Tractors are useful tools that handle the heavy work required on farms and agricultural fields. Tractor accidents like rollovers, overturns, and run overs are the most frequent cause of agricultural injuries and fatalities. Due to their size and power, tractors should be used properly by trained and experienced operators.

Before operating a tractor, get training and review the operating manual. Inspect the tractor before each use. Report and immediately repair any broken parts or leaking fluids. There should be shields and guards on moving parts. Check that lights, controls, and gauges are working. Fill the gas tank when the engine is cold to avoid the risk of fire and explosion. Make sure the tractor is equipped with a fire extinguisher and first aid kit.

Remove loose jewelry, wear snug-fitting clothing, and secure long hair; this will prevent entanglement in any of the tractor’s moving parts. Wear sturdy work gloves and boots. Consider hearing and eye protection depending on the job that you will be doing and how long you will be doing it.

When you mount the tractor, use the handrail and steps to prevent slips and falls. Adjust the seat so that you can comfortably reach the controls. If the tractor is equipped with rollover protective structures (ROPS), put on your seatbelt. Follow the proper startup procedures for the tractor. Never start it indoors; carbon monoxide, a colorless and odorless gas, can build up and cause injury and death.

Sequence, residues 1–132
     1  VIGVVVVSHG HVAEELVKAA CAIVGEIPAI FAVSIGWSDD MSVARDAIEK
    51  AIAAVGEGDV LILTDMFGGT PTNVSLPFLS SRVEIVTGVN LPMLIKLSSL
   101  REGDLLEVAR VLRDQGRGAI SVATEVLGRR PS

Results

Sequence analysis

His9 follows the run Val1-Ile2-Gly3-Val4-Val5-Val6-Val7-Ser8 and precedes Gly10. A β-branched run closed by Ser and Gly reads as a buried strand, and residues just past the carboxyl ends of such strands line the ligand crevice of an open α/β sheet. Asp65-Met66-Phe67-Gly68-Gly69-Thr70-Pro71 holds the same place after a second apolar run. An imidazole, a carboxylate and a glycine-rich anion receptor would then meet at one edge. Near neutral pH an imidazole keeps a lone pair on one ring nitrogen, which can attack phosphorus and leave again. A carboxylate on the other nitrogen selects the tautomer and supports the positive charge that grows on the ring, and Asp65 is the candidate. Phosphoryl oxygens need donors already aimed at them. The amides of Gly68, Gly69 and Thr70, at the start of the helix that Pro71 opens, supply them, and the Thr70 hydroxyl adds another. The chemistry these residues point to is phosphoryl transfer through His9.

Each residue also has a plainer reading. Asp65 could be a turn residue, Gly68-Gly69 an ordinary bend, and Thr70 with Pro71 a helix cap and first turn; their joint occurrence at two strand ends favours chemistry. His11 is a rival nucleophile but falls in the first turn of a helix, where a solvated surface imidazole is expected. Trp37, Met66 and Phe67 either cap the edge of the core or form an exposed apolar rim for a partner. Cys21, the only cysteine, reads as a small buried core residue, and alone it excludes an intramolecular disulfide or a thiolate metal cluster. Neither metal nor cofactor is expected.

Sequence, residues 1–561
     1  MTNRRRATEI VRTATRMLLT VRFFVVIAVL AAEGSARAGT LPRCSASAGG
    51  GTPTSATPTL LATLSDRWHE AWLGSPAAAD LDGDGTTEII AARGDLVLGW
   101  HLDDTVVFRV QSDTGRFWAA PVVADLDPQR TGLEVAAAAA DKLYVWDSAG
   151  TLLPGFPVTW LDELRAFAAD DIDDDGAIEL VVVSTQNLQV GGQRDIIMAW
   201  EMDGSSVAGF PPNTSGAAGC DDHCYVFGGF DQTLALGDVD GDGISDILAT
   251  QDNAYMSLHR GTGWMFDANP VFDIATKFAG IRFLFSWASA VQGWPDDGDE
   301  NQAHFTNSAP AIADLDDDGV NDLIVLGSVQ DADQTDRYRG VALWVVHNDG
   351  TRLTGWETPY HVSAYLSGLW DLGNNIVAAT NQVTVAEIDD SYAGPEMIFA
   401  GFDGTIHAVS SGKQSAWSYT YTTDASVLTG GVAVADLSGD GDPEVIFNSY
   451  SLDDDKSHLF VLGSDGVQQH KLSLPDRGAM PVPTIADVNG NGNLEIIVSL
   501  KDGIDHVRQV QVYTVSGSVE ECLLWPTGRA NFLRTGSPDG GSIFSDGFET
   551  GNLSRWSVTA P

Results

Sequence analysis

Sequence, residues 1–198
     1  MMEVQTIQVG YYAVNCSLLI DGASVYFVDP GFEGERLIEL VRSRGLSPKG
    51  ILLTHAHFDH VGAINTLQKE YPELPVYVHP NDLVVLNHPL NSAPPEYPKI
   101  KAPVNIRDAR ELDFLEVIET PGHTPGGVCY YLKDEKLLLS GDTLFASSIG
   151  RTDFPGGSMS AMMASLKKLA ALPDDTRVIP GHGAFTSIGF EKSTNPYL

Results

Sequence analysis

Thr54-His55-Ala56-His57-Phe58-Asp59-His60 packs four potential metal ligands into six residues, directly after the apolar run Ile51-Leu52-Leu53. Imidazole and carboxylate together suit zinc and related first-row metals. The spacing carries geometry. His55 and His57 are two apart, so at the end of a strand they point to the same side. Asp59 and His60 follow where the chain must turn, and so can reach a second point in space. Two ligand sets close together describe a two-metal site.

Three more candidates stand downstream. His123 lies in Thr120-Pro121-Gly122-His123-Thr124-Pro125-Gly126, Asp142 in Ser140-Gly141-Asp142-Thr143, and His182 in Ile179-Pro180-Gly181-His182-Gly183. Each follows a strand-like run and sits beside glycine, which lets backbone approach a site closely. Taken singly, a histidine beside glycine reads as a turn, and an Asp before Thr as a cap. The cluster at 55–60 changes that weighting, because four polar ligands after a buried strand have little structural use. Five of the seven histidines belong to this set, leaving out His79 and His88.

To avoid a tractor accident, drive slowly, watch uneven terrain, and look out for other workers and animals. Rollovers can occur on flat land, but they are more likely near ditches, slopes, and uneven terrain. A tractor equipped with ROPS and a seatbelt can protect the driver from being thrown out of the tractor. Overturns can happen if the tractor attempts to pull something that is improperly hitched. Check the attached or mounted equipment; hitch pins and bolts should be secure.

Serious injuries and death can occur if the driver or a passenger falls off the tractor. Consider retrofitting tractors with ROPS and seatbelts. Ideally, tractors should have safety devices that stop them when the driver is not in the seat. Don’t climb on or off moving tractors and never allow someone to hang onto the tractor for a “ride.”

Before entering a roadway, make sure that the tractor has hazards, headlights and a slow moving vehicle (SMV) warning device on it. Drive slowly at all times. Be wise—use tractors only for the tasks for which they were designed.

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The above evaluations and/or recommendations are for general guidance only and should not be relied upon for medical advice or legal compliance purposes. They are based solely on the information provided to us and relate only to those conditions specifically discussed. We do not make any warranty, expressed or implied, that your workplace is safe or healthful or that it complies with all laws, regulations or standards.

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